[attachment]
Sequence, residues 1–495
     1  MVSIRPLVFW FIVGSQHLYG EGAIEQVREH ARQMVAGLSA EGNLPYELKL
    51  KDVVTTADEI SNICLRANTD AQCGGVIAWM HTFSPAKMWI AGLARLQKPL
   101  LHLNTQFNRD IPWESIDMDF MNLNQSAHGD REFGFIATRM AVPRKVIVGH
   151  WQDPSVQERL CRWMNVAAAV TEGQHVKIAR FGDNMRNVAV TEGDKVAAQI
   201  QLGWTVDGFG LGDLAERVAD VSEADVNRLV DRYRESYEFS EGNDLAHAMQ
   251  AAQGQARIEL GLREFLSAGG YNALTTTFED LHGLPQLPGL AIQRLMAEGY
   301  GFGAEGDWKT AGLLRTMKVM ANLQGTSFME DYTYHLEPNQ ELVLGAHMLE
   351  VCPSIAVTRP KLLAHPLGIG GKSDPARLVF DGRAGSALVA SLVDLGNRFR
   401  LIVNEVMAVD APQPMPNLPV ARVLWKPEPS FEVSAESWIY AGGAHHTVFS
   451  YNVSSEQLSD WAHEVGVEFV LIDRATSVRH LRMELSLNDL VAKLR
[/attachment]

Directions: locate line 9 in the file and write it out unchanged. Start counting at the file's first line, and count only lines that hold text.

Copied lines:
   351  VCPSIAVTRP KLLAHPLGIG GKSDPARLVF DGRAGSALVA SLVDLGNRFR